Reports suggest that these people were told they would be denied entrance if they refused to leave their kirpins at the door.They brought them,refused to leave them at the door and them complained to the media about it.
            seems to be a story that is repeated way too often.
            p.s. has it been established as to whether these men were Canadian citizens…….or maybe it shouldn’t matter….

      • Rick T. says:

        Of course not. This is a weapon and should not be allowed in public places. But of course this is not political correct to have an opinion in this country when it involves minority rights.

  2. TDotRome says:

    “Canadian-style multiculturalism was unwelcome in Quebec.”…………….What the eff is that crap?

    Although, no knives anywhere……..ceremonial or not…….white or brown.

    Remember this great PSA? Still holds true…….knife or gun.


  3. Darren K says:

    Well, Warren,

    About 10 years ago, I was taking an evening walk near parliament hill. I was casually dressed, had a small point and shoot with me, and for years I’ve carried a small pocket knife with me.

    The guard at the door said parliament was still sitting, and I could go into the gallery to see what took place. I decided to go in. At the official security check, they took my camera, and my small pocket knife and put it into one of the bins they had there then for this sort of stuff. I went in, watched the house in evening action (Boring) and left. Of course I got my camera and knife back at the door.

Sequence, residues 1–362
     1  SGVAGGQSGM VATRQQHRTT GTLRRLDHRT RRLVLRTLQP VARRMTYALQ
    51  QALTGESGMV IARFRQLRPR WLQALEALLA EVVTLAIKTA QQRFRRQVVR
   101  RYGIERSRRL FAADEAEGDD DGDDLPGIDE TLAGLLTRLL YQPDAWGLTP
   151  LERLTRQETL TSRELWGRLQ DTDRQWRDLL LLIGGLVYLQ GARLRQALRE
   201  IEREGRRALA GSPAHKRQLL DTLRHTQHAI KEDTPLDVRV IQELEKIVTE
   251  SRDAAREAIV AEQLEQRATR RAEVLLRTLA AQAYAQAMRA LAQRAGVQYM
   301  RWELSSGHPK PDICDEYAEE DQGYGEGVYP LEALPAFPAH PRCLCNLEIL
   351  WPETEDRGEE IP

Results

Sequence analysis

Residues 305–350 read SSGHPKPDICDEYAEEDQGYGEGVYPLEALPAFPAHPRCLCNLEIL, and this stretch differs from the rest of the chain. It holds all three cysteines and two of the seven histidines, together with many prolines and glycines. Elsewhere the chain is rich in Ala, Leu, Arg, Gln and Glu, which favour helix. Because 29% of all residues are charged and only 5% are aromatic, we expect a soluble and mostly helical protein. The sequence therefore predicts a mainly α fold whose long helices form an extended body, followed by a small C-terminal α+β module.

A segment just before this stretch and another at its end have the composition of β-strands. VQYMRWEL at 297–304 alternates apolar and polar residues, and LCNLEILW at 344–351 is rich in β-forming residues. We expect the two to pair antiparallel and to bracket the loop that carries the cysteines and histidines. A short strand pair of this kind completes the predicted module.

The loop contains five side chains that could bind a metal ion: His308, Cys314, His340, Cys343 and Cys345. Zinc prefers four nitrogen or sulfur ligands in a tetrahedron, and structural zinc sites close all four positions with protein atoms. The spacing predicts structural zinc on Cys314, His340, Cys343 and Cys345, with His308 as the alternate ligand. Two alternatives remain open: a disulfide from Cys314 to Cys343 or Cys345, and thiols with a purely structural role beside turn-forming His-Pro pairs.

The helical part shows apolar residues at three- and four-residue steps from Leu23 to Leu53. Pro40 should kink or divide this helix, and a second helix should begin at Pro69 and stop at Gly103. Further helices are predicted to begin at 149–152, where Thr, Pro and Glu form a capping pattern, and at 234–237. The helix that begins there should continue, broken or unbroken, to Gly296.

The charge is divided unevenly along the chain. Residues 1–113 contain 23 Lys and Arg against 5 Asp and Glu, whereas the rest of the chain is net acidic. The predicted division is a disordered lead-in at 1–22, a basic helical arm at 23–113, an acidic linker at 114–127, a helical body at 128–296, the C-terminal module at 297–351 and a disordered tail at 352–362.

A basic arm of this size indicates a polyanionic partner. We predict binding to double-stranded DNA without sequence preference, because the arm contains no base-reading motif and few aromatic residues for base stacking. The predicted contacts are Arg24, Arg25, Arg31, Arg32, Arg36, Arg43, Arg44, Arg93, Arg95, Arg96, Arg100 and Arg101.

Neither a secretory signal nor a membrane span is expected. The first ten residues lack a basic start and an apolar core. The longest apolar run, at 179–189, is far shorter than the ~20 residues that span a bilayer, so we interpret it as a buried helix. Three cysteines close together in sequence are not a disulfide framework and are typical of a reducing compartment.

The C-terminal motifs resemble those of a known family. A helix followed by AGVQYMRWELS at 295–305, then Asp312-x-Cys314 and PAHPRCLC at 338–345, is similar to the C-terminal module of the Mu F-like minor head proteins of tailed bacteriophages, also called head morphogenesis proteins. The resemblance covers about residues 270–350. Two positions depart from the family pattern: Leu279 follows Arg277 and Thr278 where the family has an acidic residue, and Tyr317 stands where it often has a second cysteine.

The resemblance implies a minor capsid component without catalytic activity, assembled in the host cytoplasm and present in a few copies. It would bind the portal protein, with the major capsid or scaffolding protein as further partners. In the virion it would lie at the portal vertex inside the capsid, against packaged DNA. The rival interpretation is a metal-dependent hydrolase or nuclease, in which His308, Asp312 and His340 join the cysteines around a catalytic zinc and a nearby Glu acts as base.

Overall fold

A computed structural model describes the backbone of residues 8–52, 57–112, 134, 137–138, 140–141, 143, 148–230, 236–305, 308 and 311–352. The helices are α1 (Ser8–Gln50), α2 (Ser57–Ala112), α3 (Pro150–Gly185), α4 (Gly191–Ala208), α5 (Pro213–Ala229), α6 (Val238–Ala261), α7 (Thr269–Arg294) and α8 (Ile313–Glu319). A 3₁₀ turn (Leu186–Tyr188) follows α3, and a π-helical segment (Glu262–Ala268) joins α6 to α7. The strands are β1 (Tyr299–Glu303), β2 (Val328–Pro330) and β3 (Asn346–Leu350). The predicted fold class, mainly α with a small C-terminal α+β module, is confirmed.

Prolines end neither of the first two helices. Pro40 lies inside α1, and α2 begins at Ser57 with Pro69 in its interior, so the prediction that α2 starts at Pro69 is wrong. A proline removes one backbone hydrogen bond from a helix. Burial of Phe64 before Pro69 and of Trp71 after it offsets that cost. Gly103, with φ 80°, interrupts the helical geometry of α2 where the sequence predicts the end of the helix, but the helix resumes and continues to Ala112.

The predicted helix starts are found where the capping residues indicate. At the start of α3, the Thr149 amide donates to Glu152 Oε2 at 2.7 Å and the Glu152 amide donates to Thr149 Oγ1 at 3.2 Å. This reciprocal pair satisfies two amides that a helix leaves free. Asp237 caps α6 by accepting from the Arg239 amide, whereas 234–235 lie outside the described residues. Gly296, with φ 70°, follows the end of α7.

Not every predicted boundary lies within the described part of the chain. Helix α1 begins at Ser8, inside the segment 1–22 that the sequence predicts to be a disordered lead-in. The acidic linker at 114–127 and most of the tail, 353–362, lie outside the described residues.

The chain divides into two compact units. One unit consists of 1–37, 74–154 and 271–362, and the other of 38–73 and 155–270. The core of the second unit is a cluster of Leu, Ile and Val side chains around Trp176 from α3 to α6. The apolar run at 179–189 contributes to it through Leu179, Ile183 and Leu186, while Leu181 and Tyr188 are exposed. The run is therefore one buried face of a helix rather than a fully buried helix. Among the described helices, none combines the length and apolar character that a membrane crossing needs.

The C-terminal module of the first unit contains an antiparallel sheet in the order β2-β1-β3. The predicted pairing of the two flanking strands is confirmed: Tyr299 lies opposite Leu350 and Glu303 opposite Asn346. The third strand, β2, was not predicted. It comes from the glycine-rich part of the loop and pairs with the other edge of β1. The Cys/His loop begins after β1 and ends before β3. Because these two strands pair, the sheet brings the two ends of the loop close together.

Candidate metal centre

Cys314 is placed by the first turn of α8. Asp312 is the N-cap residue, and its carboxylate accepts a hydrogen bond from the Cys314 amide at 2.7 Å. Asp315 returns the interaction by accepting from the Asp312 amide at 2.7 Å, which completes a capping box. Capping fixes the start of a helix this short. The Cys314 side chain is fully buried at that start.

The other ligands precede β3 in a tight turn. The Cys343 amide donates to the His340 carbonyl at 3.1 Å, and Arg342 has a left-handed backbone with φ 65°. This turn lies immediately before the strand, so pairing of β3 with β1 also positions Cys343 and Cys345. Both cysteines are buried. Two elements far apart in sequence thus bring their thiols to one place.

Now, while I carry a pocket knife with me almost everywhere, it is not for any religious reason. Just a habit, that I still do to this day. Of course, it’s not on me when I fly (lost a good one that way).

    The rules are the rules no matter who or what.

    If you took your daughter to a country that says women must cover their face, would you have her do it, or would you yell racism? Have you stopped saying Merry Christmas?

    No, it’s time that we all live by the same rules in this country, just as we are expected to do in the countries we visit, the churches, synagogs and Mosques we visit.

    Also, the memory of a guy entering the building with a machine gun is still very prevalent in their minds I am sure. It is for me.

  4. jStanton says:

    Jesus… I almost took the bait. But no heavy lifting for me tonight!

  5. billg says: